Bank of America impressed Wall Street Wednesday with better-than-expected earnings and revenue for the fourth quarter, continuing a trend of solid results from the nation's largest banks.
The bank reported net income of $3.4 billion, or 29 cents per share, on revenues of $21.7 billion. Analysts had expected Bank of America to post a profit of 28 cents per share on revenues of $21.08 billion, according to FactSet. The results were also a significant improvement from the same period a year ago, when the bank took a charge related to a nearly $12 billion settlement with Fannie Mae(FNMA).
Shares of Bank of America(BAC) climbed 3% to their highest levels since May 2010. So far this year, the stock is already up 11%, ahead of all its major rivals. Citigroup(C) and Wells Fargo(WFC) are up between 2% and 5%, while Goldman Sachs(GS) and Morgan Stanley(MS) are barely higher. JPMorgan Chase(JPM) is in the red for the year.
Bank of America CEO Brian Moynihan attributed the strong numbers to solid performance in the bank's "core businesses."
The company's consumer and business banking division, which includes branch banking and loans for small businesses, reported a $2 billion profit, up nearly 40% from a year earlier.
Bruce Thompson, the bank's CFO, added that Bank of America is beginning 2014 with one of the strongest balance sheets in the company's history.
"Capital and liquidity are at record levels, credit losses are at historic lows, our cost savings initiatives are on track and yielding significant savings, and our businesses are seeing good momentum," Thompson said in a press release.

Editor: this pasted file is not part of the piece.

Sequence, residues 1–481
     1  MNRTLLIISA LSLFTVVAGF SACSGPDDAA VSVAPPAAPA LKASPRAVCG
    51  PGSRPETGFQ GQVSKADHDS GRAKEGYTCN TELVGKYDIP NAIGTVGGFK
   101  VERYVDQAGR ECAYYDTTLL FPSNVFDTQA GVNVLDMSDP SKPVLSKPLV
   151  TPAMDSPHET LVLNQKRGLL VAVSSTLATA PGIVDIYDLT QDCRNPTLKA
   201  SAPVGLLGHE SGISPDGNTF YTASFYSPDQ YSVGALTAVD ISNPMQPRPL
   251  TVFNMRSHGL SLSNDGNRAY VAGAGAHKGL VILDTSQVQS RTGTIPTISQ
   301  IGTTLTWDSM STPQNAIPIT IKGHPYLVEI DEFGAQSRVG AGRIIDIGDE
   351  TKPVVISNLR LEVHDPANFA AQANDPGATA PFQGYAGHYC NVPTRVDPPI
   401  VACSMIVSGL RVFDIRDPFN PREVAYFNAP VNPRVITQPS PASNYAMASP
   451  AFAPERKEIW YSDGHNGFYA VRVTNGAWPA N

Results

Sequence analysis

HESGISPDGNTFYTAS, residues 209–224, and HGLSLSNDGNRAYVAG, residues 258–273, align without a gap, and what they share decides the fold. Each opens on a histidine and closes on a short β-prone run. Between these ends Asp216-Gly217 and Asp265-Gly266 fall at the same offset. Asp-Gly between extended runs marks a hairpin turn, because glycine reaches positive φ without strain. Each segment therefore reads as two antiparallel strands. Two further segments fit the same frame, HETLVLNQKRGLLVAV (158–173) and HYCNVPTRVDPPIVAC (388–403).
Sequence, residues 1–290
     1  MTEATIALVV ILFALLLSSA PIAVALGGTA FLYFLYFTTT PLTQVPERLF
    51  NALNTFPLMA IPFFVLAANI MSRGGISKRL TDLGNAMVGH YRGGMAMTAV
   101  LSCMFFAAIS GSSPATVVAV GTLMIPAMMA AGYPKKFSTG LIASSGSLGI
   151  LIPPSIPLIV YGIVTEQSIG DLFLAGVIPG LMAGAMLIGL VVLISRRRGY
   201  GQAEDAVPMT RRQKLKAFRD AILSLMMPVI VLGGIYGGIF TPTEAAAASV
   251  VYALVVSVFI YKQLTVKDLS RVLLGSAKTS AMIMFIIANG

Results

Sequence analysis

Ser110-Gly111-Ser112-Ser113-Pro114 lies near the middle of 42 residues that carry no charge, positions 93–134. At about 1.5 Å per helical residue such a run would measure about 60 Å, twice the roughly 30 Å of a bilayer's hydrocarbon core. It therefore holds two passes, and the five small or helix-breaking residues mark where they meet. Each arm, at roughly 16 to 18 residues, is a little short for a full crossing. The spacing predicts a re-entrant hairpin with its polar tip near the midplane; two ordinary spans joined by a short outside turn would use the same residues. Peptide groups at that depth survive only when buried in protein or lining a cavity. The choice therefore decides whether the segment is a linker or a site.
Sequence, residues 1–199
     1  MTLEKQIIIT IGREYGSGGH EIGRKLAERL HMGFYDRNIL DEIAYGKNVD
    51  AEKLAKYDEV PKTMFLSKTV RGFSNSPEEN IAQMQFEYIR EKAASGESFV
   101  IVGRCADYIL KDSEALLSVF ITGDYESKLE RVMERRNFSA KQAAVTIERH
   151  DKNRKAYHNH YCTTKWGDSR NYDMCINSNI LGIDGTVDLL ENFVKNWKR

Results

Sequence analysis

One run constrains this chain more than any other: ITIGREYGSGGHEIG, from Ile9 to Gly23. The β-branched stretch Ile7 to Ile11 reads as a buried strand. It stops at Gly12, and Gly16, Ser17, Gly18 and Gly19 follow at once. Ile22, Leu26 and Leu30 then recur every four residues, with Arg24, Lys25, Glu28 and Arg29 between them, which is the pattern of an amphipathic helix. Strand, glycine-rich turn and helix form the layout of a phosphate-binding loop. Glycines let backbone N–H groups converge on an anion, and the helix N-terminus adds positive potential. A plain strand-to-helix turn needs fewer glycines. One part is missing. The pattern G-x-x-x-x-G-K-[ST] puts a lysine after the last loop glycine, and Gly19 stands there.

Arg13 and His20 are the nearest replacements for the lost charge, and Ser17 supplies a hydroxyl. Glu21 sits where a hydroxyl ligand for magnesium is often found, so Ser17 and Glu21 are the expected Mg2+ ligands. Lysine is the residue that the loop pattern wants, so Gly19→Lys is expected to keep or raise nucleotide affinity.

Bank of America was the third of the big six banks to report earnings this week. JPMorgan and Wells Fargo also topped forecasts. But all three banks reported significant drops in mortgage lending due to rising interest rates. Bank of America said Wednesday that mortgage origination volume plunged 46% from the fourth quarter of 2012.
However, improving credit quality has helped bolster results at all three banks so far. Bank of America's provision for credit losses, the funds set aside for the allowance of bad loans, was reduced to was $336 million from with $2.2 billion a year earlier.
Bank of America also reported solid revenue from its fixed income, currency and commodities trading arm. Revenue from stock trading also rose during the quarter. Investment banking was also a strong point.
Bank of America, the second largest U.S. bank by assets, has been aggressively cutting costs since Moynihan took the helm in 2010, largely by reducing its headcount. As of the end of 2013, the company had 242,117 full-time employees, down 9% from a year ago.
Most of the reductions were made in units that produce new mortgages and deal with delinquent mortgages, as well as by shuttering bank branches.
The bank expects to continue cutting costs this year and in 2015, by closing more bank branches.
Unlike some of its peers, including JPMorgan and Citigroup, Bank of America has yet to settle with the Federal Housing Finance Agency over allegations that it misled investors about the quality of mortgage-backed securities sold prior to the financial crisis. Moynihan seemed to allude to that in the press release by saying that "work remains on past issues."
Plus, the bank set aside $2.3 billion for litigation expenses during the quarter, more than twice as much the amount it set aside a year ago.
Still, Moynihan remained optimistic.
"We've been on a journey of simplifying our company," Moynihan said during a conference call with analysts. "As a result of all this work, earnings have improved significantly, but we still have not approached the true earnings potential of Bank of America."
For the full year, Bank of America delivered a profit north of $10 billion, its best performance since 2007.
Big banks will continue to open up their books this week. Citigroup and Goldman Sachs are scheduled to report earnings Thursday morning, while Morgan Stanley is slated for Friday.